Previous research by this group and others showed that sex steroid hormones may play a role in asthma.

To expand on this body of research, this NIEHS-supported team conducted an epidemiologic study in a population of 905 women aged 13-28. The results were variable depending on the whether women had a history of asthma.

The age at which girls reach puberty has been declining in the same time period that asthma prevalence has been increasing. The authors conclude that "sex hormones may play an important role in asthma occurrence." Oral contraceptive use and asthma are common among young women; therefore, these findings are likely to have public health implications. The authors also suggest that clinicians may want to inform young women about the potential effects of oral contraceptive use on asthma-related respiratory symptoms.

Citation: Salam MT, Wenten M, Gilliland FD. Endogenous and exogenous sex steroid hormones and asthma and wheeze in young women. J Allergy Clin Immunol. 2006 May;117(5):1001-7.

Toll-like Receptor 4 Reduces Chronic Airway Inflammation

NIEHS scientists and colleagues at Duke University report progress in understanding the complex relationship between asthma and air-way inflammation associated with exposure to endotoxin. This research was published in the May 15 edition of the Journal of Immunology. The research model employed in their study will be useful in further understanding the regulation of allergic airway inflammation and "should facilitate the development of novel therapies to treat asthma by augmenting natural regulatory mechanisms."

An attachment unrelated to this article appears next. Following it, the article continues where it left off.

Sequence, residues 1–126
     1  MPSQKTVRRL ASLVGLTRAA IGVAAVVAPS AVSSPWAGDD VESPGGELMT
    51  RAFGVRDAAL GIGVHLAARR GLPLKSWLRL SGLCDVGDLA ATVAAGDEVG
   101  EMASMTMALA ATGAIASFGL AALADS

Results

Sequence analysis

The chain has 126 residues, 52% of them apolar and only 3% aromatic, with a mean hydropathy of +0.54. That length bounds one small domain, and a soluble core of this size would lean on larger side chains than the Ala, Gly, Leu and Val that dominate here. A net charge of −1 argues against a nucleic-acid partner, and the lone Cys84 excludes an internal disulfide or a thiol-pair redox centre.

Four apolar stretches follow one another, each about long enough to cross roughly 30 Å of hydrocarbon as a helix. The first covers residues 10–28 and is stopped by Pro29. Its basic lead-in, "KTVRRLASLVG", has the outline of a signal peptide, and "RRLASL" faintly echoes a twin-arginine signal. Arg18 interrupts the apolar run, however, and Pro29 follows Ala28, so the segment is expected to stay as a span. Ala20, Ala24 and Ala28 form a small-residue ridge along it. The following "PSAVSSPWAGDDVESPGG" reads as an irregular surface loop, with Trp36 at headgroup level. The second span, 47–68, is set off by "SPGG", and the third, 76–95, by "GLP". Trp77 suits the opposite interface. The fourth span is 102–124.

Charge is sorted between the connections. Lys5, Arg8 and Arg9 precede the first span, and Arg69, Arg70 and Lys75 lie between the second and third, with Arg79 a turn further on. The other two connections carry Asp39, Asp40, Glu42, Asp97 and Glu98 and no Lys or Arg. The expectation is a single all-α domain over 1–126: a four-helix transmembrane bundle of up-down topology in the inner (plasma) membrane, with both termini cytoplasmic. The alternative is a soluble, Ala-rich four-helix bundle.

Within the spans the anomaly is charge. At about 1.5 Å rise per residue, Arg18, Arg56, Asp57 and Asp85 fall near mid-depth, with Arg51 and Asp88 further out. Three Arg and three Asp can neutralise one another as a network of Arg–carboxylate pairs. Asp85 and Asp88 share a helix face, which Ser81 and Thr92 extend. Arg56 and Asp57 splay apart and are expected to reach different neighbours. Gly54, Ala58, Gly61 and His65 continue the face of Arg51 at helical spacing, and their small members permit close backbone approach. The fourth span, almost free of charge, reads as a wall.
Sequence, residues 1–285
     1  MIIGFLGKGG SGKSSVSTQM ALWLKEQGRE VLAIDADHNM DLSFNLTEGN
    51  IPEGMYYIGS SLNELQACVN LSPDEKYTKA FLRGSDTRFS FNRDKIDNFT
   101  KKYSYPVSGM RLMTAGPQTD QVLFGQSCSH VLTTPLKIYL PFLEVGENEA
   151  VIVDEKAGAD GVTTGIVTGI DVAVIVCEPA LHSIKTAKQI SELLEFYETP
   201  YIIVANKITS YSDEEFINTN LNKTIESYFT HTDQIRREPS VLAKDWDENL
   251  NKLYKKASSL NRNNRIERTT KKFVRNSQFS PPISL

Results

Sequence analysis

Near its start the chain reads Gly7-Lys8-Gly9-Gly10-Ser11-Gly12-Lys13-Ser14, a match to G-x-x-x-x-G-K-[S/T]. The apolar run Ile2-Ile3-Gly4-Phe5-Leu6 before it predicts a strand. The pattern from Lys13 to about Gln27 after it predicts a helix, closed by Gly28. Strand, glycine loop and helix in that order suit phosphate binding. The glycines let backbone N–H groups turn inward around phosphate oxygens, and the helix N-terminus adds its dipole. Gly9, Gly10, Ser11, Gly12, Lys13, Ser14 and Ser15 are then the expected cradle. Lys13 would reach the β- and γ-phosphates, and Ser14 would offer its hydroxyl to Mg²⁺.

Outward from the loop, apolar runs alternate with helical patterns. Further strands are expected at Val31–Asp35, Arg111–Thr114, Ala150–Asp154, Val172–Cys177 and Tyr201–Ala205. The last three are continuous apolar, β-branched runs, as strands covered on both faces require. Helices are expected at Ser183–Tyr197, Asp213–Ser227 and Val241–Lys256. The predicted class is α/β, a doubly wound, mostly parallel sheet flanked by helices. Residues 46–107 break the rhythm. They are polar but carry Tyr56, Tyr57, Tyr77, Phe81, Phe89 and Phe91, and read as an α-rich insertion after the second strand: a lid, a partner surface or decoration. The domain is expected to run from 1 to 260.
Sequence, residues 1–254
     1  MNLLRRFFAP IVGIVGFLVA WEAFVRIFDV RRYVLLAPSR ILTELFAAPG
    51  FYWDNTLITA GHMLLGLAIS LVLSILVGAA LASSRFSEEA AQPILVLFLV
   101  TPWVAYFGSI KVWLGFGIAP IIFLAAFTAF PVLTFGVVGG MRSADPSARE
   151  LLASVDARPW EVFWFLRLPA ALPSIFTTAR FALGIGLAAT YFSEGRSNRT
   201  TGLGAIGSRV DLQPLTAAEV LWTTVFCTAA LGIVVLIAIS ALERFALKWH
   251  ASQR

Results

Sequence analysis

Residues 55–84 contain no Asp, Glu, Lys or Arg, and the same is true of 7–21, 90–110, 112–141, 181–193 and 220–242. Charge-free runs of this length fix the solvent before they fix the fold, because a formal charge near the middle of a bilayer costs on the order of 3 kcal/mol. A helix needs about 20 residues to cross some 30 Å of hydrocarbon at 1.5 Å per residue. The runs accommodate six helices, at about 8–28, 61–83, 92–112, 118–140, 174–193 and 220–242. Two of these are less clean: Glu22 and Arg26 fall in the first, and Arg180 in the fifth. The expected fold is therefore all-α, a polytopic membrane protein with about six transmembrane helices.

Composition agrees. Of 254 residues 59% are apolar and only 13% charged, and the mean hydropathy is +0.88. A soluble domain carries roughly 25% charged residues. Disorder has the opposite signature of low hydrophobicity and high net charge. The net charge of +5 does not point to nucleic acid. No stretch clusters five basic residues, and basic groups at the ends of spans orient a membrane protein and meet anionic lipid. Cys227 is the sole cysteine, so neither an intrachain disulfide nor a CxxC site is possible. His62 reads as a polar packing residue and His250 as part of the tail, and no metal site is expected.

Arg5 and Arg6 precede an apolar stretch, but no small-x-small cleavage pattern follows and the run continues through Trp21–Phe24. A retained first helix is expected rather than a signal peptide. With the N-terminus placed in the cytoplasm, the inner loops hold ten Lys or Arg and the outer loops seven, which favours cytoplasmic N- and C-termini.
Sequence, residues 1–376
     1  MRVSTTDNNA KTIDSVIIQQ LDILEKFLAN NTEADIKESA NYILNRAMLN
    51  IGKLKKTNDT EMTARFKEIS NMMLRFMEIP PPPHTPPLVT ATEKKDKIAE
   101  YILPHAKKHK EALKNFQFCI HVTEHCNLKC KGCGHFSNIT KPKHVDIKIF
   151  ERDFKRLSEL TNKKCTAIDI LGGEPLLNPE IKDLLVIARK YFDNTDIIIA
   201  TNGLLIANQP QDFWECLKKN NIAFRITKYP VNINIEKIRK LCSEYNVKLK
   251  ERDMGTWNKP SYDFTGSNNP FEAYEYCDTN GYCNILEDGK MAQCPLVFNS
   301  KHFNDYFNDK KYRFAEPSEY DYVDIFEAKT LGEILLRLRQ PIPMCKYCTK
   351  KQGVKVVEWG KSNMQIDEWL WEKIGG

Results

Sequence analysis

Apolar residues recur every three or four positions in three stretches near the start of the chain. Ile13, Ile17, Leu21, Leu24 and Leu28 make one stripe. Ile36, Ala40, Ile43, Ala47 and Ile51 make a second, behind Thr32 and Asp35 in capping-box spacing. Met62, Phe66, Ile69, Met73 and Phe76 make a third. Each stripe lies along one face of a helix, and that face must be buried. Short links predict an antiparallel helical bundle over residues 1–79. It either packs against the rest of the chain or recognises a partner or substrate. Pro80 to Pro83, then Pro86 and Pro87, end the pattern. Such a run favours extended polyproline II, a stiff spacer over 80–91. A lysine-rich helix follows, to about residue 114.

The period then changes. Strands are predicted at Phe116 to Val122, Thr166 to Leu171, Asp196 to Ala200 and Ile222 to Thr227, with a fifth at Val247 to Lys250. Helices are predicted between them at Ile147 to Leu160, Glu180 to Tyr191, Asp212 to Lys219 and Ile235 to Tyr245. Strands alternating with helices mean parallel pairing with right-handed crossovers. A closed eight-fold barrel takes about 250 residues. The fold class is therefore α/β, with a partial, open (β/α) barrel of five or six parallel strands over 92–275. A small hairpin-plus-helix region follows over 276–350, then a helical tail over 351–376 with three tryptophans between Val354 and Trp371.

Endotoxin, also known as lipopolysaccharide, is a component of the cell walls of gram-negative bacteria and is commonly found in household dust. Exposure to endotoxin has been shown to exacerbate asthma; however, exposure early in life has also been shown to be protective against the development of asthma. The latter finding is a component of a controversial theory known as the "hygiene hypothesis," which states that an excessively clean environment in early childhood may predispose some people towards asthma, allergies and autoimmune diseases.

The researchers exposed normal mice and mice lacking the gene for the toll-like receptor 4 (tlr4) to the chicken egg protein albumin containing small amounts of endotoxin and studied allergic responses. Results showed similar responses for both kinds of mice after short-term exposures. However, the tlr4-deficient mice showed much stronger pulmonary allergic responses compared with the normal mice when the allergic challenges lasted for greater than one week.